Few things are more infuriating than to hear Western leaders lecture Israel about how it should behave — whether the issue is the Israeli-Palestinian conflict or other matters — while they say little if anything about far more serious matters of regional stability or human rights around the world.
After all, it’s Israel — and no other nation — that sustains the rocket fire that the terrorists of Hamas direct from Gaza, and it’s Israel that suffers the consequences of anti-Jewish incitement by the supposedly moderate Palestinian Authority from the West Bank. No Western leader should tell Israel how best to protect its people.
Having said that, rising anti-Semitism that’s often cloaked in the politer guise of anti-Zionism is a global fact of life, and so is growing hostility to Israel among leftist political parties across the West. Thus, the Jewish state, which seeks U.S. and other Western support when it’s under attack at the United Nations or elsewhere, should be at least somewhat sensitive to the global ramifications of its actions.
That’s among the reasons why Prime Minister Benjamin Netanyahu’s recent embrace of the far-right Otzma Yehudit party, a disciple of Kahanism, is not only a morally despicable way for him to maintain his governing coalition, but it’s also a dangerous one that plays into the hands of Israel’s global detractors.
Kahanism is named for Meir Kahane, the fiery Brooklyn native who cofounded the Jewish Defense League in 1968, was convicted in 1971 of conspiracy to manufacture explosives, cofounded Israel’s Kach party (which Israel later banned as racist) also in 1971, and served in the Knesset in the 1980s.
An ordained rabbi, Kahane supported violence against those he considered enemies of Jews, and he called for expelling Palestinians from Israel and outlawing sex between Jews and Arabs. Though an Arab murdered him in New York in 1990, his views remain deadly. During Ramadan in February of 1994, the Kahanist Baruch Goldstein gunned down 29 Palestinians and injured another 125 at the Tomb of the Patriarchs in the West Bank city of Hebron. Another Kahanist, Yigal Amir, shot Israeli Prime Minister Yitzhak Rabin to death a year later for seeking Israel-Palestinian peace.
All of that brings us to Netanyahu. With elections looming, the Prime Minister worked behind the scenes in recent days to broker a deal through which the far-right Jewish Home party, and perhaps another far-right party, will join forces with the latest iteration of Kahanism – Otzma Yehudit (Jewish Power) – and, together, they would presumably reach the vote threshold to serve in the Knesset. In exchange, they would secure positions in whatever government Netanyahu put together.
Netanyahu’s move was so morally bankrupt that even the American Israel Public Affairs Committee (AIPAC), which seeks to work closely with whatever Israeli government is in power, joined with the American Jewish Committee to blast the move and said it will boycott the “racist and reprehensible” Otzma Yehudit.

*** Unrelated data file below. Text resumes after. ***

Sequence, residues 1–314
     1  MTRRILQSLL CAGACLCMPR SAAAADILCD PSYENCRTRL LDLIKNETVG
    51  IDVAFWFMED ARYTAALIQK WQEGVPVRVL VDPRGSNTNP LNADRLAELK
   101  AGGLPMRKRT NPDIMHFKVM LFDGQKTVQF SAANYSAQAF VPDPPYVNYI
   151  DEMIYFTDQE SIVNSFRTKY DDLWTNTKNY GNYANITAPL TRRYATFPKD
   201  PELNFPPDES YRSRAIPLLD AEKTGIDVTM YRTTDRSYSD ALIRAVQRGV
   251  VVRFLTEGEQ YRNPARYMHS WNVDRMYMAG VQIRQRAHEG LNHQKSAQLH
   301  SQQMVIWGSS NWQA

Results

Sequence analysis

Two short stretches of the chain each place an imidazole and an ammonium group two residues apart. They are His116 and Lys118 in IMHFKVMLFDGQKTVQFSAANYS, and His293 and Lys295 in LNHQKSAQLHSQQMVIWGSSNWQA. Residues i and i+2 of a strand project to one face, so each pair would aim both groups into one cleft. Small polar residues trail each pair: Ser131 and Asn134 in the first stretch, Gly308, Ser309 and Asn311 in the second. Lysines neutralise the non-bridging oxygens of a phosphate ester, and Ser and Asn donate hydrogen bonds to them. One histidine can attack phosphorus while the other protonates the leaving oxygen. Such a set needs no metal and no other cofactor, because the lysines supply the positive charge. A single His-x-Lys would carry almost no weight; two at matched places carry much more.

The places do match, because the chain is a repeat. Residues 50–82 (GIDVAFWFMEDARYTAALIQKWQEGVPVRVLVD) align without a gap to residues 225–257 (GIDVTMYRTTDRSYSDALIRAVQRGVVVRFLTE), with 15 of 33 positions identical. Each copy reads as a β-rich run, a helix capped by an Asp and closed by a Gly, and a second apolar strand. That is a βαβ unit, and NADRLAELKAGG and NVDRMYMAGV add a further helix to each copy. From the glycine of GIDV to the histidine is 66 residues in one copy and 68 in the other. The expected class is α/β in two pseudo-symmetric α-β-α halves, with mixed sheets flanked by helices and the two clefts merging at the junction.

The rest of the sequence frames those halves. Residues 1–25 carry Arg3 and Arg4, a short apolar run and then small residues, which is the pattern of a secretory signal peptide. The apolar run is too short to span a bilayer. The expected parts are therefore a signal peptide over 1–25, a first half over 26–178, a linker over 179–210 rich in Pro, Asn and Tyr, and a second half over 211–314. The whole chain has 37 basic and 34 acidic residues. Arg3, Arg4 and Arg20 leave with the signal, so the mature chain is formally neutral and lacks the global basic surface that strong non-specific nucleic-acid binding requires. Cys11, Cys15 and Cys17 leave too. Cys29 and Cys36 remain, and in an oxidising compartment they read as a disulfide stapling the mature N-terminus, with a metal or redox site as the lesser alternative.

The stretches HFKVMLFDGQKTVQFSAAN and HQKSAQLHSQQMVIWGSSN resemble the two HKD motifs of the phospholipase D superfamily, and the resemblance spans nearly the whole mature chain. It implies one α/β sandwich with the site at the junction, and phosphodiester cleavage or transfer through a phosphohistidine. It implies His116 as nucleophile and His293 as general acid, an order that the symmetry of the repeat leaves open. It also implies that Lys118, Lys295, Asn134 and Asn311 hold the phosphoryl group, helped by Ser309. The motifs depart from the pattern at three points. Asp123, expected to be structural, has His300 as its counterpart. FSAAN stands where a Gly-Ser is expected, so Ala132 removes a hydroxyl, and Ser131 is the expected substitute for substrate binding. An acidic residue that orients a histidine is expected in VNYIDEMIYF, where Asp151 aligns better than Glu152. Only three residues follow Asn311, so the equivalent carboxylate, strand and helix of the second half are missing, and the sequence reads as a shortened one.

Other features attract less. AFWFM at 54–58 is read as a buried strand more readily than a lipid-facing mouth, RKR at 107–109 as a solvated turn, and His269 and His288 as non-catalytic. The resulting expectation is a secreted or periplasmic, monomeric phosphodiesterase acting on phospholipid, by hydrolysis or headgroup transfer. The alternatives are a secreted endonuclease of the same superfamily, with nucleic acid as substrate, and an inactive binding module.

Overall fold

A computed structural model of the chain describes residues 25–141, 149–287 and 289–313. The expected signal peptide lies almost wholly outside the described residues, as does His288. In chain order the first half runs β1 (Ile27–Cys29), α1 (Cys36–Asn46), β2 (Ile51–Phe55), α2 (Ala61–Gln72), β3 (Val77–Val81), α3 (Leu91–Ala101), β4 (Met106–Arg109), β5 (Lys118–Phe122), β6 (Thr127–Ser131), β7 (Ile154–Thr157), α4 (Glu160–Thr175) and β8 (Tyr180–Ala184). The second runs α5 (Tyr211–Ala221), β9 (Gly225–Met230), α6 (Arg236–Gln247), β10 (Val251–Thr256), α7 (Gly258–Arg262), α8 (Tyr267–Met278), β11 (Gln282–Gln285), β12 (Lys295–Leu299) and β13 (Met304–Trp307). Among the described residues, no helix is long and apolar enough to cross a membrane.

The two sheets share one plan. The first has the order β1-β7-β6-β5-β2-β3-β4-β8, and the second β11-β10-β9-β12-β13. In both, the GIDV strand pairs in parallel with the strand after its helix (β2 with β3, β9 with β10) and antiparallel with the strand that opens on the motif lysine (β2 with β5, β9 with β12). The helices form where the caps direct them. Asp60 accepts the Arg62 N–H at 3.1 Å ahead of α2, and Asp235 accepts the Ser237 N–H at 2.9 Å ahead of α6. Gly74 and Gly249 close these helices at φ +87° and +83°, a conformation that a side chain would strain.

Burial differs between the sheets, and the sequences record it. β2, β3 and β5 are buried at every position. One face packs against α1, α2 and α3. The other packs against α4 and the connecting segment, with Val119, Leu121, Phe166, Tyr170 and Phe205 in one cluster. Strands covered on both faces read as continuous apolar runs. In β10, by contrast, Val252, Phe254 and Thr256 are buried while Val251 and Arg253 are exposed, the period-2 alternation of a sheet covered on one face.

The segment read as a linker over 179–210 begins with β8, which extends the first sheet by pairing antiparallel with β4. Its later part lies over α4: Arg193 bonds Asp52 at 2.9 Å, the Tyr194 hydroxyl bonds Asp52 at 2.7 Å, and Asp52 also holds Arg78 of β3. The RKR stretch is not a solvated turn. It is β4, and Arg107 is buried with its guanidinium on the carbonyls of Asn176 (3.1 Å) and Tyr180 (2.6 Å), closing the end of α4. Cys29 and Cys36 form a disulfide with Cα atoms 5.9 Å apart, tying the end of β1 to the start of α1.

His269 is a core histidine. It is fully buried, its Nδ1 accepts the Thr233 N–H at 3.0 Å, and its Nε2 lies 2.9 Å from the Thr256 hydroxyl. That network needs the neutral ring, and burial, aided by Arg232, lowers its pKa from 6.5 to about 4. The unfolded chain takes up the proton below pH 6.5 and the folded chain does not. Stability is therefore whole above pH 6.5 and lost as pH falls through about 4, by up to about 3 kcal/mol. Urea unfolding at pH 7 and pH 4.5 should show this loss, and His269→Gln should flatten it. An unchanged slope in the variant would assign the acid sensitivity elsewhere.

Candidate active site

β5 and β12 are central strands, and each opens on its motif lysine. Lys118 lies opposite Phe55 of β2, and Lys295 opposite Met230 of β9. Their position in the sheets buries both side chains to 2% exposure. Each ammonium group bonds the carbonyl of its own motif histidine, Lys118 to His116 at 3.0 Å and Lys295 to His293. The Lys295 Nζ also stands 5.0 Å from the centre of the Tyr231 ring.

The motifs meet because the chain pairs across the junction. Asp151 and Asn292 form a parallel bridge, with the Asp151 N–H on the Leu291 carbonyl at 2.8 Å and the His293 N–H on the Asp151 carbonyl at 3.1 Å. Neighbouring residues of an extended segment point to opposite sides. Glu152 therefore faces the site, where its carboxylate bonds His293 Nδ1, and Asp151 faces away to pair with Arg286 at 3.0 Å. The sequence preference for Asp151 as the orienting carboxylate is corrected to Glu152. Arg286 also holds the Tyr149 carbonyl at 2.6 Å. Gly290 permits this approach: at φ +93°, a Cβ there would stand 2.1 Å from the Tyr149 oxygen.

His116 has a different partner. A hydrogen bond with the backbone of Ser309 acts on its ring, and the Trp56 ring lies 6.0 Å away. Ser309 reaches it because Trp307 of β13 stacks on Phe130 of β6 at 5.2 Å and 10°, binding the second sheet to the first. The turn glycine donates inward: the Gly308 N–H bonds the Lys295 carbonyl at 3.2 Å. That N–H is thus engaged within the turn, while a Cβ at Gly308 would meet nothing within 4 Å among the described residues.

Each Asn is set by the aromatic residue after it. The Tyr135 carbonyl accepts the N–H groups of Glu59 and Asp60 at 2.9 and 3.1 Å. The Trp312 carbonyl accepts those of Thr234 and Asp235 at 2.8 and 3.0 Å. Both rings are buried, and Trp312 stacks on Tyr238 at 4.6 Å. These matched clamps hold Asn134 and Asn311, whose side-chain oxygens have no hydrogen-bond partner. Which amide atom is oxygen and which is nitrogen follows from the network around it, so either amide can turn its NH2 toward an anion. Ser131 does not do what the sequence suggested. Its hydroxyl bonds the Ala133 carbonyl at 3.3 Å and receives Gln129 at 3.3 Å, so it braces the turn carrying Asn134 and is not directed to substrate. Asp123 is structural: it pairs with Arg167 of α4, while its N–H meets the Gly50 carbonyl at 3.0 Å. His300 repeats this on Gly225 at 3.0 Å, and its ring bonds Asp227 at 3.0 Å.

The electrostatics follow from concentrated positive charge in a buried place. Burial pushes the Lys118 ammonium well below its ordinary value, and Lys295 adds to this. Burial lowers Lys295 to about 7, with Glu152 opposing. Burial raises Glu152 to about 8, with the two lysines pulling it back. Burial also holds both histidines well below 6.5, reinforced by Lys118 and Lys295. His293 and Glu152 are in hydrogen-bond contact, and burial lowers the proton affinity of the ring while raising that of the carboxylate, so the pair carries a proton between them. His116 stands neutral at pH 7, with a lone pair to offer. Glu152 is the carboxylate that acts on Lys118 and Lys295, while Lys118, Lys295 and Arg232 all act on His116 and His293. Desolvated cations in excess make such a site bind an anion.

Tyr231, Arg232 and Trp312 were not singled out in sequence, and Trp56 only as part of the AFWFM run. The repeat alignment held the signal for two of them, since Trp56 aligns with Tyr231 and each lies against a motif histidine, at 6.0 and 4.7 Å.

On a more practical level, Netanyahu’s ugly effort to retain power comes at a particularly dicey time for Israel. That’s because in key capitals across the West, the Jewish state has become a far more partisan issue.
In Great Britain, the Labour Party is helmed by Jeremy Corbyn, who has called the Jew-hating genocidal terrorists of Hezbollah and Hamas his “friends;” called Britain’s labeling of Hamas as a terrorist organization a “big, big historical mistake,” laid a wreath at the grave of a Palestinian terrorist involved with the massacre of Israeli athletes at the 1972 Olympics, consorted with Holocaust deniers, and backed the Palestine Solidarity Campaign that calls Israel an “apartheid” state.
In fact, seven Labour parliamentarians resigned from the party the other day because, among other reasons, it has grown so anti-Semitic under Corbyn. That Corbyn is Britain’s opposition leader at a time when Prime Minister Theresa May is so politically weak should trouble Israel deeply.
In the United States, the Democratic Party has moved leftward and, as a result, is increasingly critical of, if not hostile to, Israel. Among new Democratic lawmakers, the 2018 congressional elections brought to power two Muslim members and several other leftists who have already showcased their hostility to Israel. Meanwhile, a new Pew survey revealed that the share of liberal Democrats who sympathize more with Israel than the Palestinians has shrunk markedly in recent years.
The party’s drift has so alarmed its Israel-backing stalwarts that several leading Democratic activists and ex-officeholders have formed a new group – the Democratic Majority for Israel – to rebuild the party’s steadfast support for the Jewish state.
An Israel with shakier support in key capitals shouldn’t be providing ammunition to the hostile forces already arrayed against it.
Lawrence J. Haas, senior fellow at the American Foreign Policy Council, is the author of, most recently, Harry and Arthur: Truman, Vandenberg, and the Partnership That Created the Free World.